Really Existing Big Brother

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Review of 'Stasiland', Anna Funder, Granta £7.99

Channel 4's turgid, voyeuristic reality TV programme stole its name from George Orwell's classic novel Nineteen Eighty-Four. 'Big Brother' was a metaphor for an all-seeing totalitarian state. The Stasi - the East German secret police - was Big Brother, for real.

It employed over 90,000 secret agents, a higher ratio per head of population than the Third Reich's Gestapo. Official figures suggest one in 50 people were Stasi informants, although some claim one in six of the population were unofficial informants.

They kept files on almost everyone. Experts reckon that some 180 kilometres of shelving was needed to store the files. Surveillance went to extreme levels, the most bizarre being the collecting and storing of 'smell samples' - dirty underwear - of potential 'enemies of the state'.

After the fall of the regime in 1989 protesters found over 100 burnt-out shredders in just one of many Stasi offices. Terrified officials had tried to destroy the evidence. Today a special office in Nuremberg employs people trying to piece together the shreds. Current estimates are that it will take 375 years for them to finish.

These stories from the paranoid world of the Stasi - a really existing 'Big Brother' - are described in Stasiland. It is a fascinating book that opens the lid on the reality of what was once supposed to be 'really existing socialism'.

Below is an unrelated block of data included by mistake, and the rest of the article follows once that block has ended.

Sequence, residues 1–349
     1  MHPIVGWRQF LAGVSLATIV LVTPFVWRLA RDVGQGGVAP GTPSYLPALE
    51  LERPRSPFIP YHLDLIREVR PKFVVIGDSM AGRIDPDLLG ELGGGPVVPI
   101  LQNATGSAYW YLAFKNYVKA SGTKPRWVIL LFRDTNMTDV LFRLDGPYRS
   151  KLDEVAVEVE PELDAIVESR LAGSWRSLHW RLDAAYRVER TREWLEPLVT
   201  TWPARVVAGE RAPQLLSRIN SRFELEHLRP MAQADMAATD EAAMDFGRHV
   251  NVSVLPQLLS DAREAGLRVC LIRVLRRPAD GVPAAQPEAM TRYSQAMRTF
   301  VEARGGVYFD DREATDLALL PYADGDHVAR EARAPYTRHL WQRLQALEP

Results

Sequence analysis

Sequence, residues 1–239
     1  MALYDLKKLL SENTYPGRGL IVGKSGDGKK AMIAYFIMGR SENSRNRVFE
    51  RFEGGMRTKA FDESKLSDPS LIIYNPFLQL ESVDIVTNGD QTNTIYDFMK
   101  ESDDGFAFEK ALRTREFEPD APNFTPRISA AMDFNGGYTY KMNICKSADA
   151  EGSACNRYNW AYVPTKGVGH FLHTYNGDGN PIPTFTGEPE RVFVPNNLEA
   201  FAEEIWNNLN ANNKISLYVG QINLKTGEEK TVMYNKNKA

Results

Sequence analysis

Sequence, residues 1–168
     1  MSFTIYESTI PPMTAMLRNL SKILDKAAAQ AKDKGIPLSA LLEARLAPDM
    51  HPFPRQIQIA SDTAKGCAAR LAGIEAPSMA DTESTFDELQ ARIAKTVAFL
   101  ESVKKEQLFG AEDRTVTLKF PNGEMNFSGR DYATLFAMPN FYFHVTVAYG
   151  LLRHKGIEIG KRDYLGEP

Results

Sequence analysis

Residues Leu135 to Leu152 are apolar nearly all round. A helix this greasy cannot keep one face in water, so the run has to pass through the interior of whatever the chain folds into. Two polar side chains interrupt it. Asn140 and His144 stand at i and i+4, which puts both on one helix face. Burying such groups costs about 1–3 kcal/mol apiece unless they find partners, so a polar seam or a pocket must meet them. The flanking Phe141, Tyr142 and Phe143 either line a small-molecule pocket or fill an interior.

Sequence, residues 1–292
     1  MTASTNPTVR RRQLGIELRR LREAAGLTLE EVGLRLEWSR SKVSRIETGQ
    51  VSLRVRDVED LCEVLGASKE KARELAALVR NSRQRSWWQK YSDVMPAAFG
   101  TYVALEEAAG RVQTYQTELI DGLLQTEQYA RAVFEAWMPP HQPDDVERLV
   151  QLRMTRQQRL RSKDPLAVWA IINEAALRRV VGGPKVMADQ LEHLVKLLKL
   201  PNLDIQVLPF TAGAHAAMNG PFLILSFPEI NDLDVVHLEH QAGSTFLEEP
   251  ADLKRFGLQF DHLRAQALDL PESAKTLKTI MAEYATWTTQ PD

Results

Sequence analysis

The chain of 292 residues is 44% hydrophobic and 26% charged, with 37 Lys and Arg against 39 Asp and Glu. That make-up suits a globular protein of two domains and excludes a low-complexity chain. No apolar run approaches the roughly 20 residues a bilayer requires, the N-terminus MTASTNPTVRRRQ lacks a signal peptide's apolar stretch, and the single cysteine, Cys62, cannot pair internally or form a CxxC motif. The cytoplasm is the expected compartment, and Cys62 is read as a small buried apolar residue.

Its author, Anna Funder, is a journalist, not a historian. The stories she tells are based around a series of interviews with a mix of people - including some fairly senior ex Stasi officials. She finds them, interviews them and sometimes gets drunk with them. The stories are often tragic, sometimes hilarious.

Take, for example, the East German 'Mik Jegger', who performed cover versions of Rolling Stones songs but was later officially declared to be 'non-existent'. Or Hagan Koch, the official cartographer. He drew the line on the map where the Berlin Wall was built. Today his council flat is a museum for Stasi memorabilia.

She also interviews ordinary people, for example a 16 year old girl who tried to escape over the wall. She is good at getting people to talk about their harrowing experiences. Occasionally she probes them to see how they interpret the destruction of the wall. It is this aspect that is perhaps the book's greatest weakness. Funder herself appears to have little understanding of the collapse of the Eastern Bloc beyond the conventional account of the 'fall of Communism'. She takes at face value the claim that East Germany represented an attempt to create socialism. As a result she misses some wonderful opportunities to expose the realities and rhetoric of the Stalinist dictatorship.

She also fails to probe how people evaluate the new, united Germany and the 'free market' that promised so much. Ultimately this helps to reinforce the stereotype - West was good, East was bad.

Only occasionally does the reality seep out that both East and West were repressive states in their different ways. She tells a wonderful story about the Stasi crackdown on television aerials in east Berlin. At first the Stasi were ruthless. Any person who aligned their aerial to receive West German television was deemed to be an 'enemy of the state'. However, after a while the Stasi cooled off. They began to recognise that watching Western TV was more likely to keep people in their homes, off the streets and politically sedated.

If you want a glimpse of what life was like under Stalinism this book is an enjoyable read.